Catering Budget

Family-Style

This is a very trendy style where courses are brought to the table and passed around as if you were sharing a meal at home.  There are lots of advantages to this style; for example, there are no lines to wait in, guests can choose between several options and accommodate their own dietary concerns. Family-style is typically one of the most expensive serving styles because it requires more staff than any other style, but it creates a more relaxed and communal vibe. It also offers abundant food choices as well as some of the face-to-face service and hospitality of a plated experience. There are ways to adjust family-style service that affect the overall cost. Work with your caterer to find ways to bring the cost down while keeping the most important elements to you.

Chef Action Stations

One of our favorite ways to serve (especially with large guest counts) is interactive stations where food is cooked live right in front of your guests. This crowd-appealing tapas style of service gives our chefs a chance to share their passion for gastronomy. A meal is even more enjoyable when guests appreciate the story behind the cuisine, and our chefs love sharing their expertise as they set a whole wheel of cheese on fire, carve a whole baron of beef with torched garlic compound butter, or spill the secrets of homemade pho. Action stations are a great way to keep guests on their feet and mingling, and it’s always a show! You’ll pay a little extra for the staff required, but they’re generally a less expensive option than family-style or plated meals.

Catering Budget

Buffet

With our hearts and minds still recovering from the pandemic, buffets have become less popular over the last two years, but they remain one of the least expensive forms of service. There are many great ways to trim costs with a buffet, from food to serviceware options. The number of servers you’ll need for a buffet is substantially less than a plated meal. Just make sure to confirm with your planner or catering manager to safely and timely excuse tables and socially distance your guests.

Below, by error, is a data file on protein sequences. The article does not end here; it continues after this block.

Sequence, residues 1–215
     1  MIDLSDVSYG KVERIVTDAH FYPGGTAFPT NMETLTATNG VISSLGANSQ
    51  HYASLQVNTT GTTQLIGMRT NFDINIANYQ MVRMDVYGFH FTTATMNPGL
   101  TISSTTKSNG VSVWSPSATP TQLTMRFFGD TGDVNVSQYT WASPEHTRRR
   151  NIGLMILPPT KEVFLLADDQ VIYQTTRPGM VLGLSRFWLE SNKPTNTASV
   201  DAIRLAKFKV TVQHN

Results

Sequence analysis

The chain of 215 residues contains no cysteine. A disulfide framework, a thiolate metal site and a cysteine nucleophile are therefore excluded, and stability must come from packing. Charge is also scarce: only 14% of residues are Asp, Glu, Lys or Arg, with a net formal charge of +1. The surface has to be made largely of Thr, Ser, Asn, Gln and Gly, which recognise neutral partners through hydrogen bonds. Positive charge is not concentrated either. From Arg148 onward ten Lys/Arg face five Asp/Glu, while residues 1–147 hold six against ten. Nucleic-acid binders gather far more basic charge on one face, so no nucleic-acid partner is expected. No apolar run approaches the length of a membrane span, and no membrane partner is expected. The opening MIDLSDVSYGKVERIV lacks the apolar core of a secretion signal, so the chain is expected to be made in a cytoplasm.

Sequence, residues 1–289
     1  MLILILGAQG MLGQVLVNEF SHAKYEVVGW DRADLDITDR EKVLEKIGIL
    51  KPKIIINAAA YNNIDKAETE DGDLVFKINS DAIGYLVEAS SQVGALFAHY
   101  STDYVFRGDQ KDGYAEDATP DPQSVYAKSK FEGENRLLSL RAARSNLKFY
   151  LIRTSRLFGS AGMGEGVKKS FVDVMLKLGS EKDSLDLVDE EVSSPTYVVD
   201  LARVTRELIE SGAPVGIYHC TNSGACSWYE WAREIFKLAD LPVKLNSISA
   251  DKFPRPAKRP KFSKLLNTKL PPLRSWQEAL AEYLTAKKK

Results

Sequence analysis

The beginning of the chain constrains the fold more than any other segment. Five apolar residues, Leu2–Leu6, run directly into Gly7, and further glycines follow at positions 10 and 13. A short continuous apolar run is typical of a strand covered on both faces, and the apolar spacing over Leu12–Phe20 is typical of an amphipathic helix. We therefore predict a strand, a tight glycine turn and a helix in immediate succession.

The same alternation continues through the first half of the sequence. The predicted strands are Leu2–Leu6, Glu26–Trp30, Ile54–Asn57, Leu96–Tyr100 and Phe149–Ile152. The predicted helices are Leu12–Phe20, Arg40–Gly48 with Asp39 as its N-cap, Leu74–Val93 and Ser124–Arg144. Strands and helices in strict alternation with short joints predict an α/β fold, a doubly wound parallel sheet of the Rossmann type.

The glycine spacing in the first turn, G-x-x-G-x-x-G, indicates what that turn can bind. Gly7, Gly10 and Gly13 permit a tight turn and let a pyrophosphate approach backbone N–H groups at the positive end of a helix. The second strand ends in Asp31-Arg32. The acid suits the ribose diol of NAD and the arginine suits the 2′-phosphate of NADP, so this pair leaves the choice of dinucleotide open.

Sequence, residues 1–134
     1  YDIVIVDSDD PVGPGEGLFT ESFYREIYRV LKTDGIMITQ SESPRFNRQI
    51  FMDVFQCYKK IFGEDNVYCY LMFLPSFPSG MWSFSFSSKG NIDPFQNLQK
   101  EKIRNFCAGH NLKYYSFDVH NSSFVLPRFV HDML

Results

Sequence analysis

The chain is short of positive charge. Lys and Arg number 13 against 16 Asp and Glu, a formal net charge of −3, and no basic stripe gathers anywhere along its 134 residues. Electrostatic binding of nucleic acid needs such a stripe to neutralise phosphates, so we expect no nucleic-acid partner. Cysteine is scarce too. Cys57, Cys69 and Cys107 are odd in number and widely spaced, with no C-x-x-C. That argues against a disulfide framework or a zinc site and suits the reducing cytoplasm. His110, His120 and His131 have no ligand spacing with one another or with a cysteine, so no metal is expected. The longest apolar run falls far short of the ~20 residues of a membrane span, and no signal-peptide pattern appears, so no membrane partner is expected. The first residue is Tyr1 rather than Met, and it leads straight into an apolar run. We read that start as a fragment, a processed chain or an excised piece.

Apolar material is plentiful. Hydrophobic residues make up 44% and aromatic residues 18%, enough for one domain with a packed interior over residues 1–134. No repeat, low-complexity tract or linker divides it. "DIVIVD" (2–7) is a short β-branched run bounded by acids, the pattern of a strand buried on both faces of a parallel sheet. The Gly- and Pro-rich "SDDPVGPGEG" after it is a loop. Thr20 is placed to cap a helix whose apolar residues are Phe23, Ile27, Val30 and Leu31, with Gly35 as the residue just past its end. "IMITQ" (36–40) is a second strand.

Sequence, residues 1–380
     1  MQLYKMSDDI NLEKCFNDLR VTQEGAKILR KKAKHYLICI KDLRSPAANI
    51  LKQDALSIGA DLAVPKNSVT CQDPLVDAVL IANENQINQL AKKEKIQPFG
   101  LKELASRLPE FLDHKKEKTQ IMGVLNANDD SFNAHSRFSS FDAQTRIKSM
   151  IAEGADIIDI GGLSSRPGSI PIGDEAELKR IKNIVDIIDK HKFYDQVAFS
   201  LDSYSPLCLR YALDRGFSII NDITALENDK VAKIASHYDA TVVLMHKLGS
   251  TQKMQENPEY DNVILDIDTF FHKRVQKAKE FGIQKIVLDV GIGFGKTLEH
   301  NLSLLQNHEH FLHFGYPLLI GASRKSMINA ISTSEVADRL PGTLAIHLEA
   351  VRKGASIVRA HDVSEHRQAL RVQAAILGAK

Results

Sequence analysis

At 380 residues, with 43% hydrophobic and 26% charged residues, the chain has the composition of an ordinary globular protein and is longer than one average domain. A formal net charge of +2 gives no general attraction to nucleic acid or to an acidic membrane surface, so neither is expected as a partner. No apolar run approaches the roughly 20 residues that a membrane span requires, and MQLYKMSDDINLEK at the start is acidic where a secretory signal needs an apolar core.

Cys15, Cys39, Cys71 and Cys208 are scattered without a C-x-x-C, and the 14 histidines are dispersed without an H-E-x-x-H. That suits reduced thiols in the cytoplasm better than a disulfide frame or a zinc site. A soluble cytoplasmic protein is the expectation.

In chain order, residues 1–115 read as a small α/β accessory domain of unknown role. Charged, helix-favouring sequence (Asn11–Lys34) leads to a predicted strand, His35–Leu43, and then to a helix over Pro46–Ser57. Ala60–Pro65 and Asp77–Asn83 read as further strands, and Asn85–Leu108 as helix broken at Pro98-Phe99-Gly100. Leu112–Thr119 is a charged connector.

Catering Budget
Photo by Megan Robinson. Planning by Michelle Leo Events.

Dessert

In Utah, where dessert is king, it’s worth asking whether you even need to serve a meal at all. If you’re catering budget is low, offering a tantalizing dessert bar may be all you need! Either butler-passed or self-served, a selection of dessert will cost a lot less than a full meal. The down side, of course, is that it encourages guests to eat and leave, so if you want your guests to dance, socialize, watch the cake cutting, etc. it’s best to offer a full meal.


Need help picking your signature wedding cocktail? Read our top tips from local spirits experts here!